Because I was able to remember the car number (1102) of the train we missed, the Chicago station master gave us a ride out to the yards where we spotted it and found our bags right where we left them.

We had a long layover before boarding another train for New Orleans due to arrive there in about 23 hours. Once on that train Lutchie and I decided to try getting separate seats, hoping to have more room to stretch out and get some sleep; except for the ride on Hiawatha we had very little since leaving Seattle three days ago. We were able to do this and did get a good bit of rest before arriving in New Orleans the next day.

It was the muggy air and smell of honeysuckle after b e i n g g o n e a l m o s t t w o years that made me realize I was back home in New Orleans.

Lutchie and I had agreed to meet later that evening at the old gang hangout on Danneel Street where we had congregated most of the time. Just about all the old friends were there except Freddie Cunningham who was on his way to the Aleutians, and Paul Rowan, who had joined the Navy with Lutchie and was serving aboard the destroyer USS Abner Reed when he was KIA.

I stayed in New Orleans for three or four days and I remember Franny, now all of sixteen, gave me a pint of whiskey to take on the trip to Washington.

Lutchie had a 30-day leave which meant I would be alone, except for the Chicago/Seattle leg of the journey. The Southerner was a reserved-seat train very similar to the Hiawatha. My seat mate was a naval officer, a full lieutenant about thirty who was downright friendly. I think for awhile we both forgot about the gulf that existed between enlisted men and officers. We went together to the club car, met two young ladies and partied with them for nearly the whole trip to DC. Fortunately, I had the pint to keep the party going when the train passed through “dry” areas and couldn’t sell alcoholic drinks.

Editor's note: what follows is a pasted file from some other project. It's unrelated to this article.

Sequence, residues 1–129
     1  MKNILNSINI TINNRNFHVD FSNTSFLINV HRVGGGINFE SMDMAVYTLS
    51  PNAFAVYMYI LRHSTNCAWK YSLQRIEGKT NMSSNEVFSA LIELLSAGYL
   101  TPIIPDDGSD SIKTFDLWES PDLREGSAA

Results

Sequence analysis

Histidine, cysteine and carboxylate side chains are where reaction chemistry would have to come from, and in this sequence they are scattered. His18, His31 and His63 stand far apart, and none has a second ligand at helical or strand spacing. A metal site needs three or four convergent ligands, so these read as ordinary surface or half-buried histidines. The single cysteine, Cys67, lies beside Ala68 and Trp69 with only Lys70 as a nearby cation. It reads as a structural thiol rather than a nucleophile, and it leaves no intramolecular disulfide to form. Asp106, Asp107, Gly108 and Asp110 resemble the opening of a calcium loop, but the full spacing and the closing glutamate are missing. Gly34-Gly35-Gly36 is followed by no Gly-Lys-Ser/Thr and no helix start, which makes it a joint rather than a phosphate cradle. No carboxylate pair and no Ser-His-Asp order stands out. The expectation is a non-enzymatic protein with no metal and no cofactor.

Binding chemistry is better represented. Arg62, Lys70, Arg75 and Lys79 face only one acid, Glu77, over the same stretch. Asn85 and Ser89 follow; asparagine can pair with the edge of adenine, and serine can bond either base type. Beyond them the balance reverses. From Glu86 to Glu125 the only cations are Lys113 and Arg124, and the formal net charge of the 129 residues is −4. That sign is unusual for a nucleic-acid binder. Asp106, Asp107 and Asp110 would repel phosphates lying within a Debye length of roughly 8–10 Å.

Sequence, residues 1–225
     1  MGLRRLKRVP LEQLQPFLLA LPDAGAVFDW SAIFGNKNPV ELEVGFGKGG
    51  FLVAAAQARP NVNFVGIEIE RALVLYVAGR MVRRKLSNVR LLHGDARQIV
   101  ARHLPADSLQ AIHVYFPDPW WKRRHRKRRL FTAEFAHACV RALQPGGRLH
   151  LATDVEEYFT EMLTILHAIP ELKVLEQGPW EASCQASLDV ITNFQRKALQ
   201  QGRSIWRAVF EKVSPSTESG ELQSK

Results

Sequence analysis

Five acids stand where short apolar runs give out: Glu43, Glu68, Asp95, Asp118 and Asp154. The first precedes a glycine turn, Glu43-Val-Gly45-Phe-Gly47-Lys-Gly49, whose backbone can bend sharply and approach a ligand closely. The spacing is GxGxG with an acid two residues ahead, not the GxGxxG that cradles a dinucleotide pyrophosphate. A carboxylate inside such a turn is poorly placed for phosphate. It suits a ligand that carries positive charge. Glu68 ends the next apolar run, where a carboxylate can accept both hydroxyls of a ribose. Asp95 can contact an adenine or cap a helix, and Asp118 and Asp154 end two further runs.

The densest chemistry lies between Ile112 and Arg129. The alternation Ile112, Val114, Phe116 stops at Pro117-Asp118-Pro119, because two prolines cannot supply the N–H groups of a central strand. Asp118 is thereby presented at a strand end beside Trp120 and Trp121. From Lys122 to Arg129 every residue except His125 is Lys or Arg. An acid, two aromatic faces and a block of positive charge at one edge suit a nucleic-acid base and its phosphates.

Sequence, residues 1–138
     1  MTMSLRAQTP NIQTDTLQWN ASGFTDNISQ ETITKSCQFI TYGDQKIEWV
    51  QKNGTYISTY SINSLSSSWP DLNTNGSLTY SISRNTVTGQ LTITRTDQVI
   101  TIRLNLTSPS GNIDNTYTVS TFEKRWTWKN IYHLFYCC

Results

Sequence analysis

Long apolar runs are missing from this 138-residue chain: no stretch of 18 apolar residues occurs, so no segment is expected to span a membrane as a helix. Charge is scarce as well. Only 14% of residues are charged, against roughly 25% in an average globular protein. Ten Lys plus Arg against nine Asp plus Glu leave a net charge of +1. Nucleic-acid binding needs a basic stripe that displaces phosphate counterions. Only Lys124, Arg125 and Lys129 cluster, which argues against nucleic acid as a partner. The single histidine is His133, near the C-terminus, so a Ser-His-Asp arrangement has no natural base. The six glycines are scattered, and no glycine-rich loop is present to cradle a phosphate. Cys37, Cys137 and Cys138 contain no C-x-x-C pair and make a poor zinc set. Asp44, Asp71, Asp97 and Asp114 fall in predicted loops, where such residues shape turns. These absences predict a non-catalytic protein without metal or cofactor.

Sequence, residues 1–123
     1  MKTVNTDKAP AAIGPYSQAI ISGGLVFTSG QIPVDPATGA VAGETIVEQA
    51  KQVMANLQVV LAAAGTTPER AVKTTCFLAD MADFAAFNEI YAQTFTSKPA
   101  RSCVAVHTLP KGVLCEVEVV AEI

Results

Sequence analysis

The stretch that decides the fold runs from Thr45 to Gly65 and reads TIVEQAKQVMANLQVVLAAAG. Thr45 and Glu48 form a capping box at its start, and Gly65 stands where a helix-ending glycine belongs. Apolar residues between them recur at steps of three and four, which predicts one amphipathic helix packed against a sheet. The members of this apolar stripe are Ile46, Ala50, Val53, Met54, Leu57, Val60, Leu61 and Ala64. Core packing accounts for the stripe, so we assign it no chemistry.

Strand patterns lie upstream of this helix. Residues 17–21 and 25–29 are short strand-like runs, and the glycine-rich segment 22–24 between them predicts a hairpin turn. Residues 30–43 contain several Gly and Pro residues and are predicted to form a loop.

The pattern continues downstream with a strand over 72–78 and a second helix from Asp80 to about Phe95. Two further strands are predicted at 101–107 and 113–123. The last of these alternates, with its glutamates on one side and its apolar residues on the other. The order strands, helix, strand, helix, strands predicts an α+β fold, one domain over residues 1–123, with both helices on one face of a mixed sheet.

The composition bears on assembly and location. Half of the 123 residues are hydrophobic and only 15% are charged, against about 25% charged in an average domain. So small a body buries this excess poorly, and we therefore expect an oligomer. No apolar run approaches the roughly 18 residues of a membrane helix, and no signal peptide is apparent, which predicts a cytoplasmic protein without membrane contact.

Three or four days after arriving in DC I departed for Chicago with a quart of whiskey donated by family and friends. After a train ride, another long layover in Chicago and meeting a Yorktown sailor named Robert Schmuck in the station, I finally boarded a train to Seattle. I hadn’t known Schmuck before but he and I shared the second to last seat in a car in front of two girls who were sisters also going to Seattle. We were able to fold down the back of our seat creating a bunk where one or two of the four of us could stretch out. During the two or three day ride we consumed that quart of whiskey and later one of two quarts the girls were bringing back to their father. Of course we shared the whiskey with a few other service people in the car looking for a drink.

Of my twenty-day leave, the only one I ever got in over three years of service, I spent eleven of them on trains. However, we did manage to party and enjoy the time spent on the trains, so much in fact I would have been willing to do another month off Okinawa to relive some of those days.

I didn’t see Lutchie again in Seattle but did see him later at sea in the Pacific when Dale delivered fleet mail to us. All we could do was wave but it was like a brief touch of home.